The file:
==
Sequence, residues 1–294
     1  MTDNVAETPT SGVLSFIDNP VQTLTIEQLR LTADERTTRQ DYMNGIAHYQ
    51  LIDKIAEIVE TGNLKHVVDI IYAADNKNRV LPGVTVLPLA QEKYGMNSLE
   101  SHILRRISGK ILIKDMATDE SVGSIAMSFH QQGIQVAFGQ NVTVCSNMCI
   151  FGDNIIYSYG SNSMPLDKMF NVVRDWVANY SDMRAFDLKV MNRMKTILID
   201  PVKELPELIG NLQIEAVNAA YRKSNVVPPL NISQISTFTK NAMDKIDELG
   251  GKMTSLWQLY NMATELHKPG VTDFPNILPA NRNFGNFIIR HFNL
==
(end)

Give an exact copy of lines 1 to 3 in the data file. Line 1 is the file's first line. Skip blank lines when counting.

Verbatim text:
Sequence, residues 1–294
     1  MTDNVAETPT SGVLSFIDNP VQTLTIEQLR LTADERTTRQ DYMNGIAHYQ
    51  LIDKIAEIVE TGNLKHVVDI IYAADNKNRV LPGVTVLPLA QEKYGMNSLE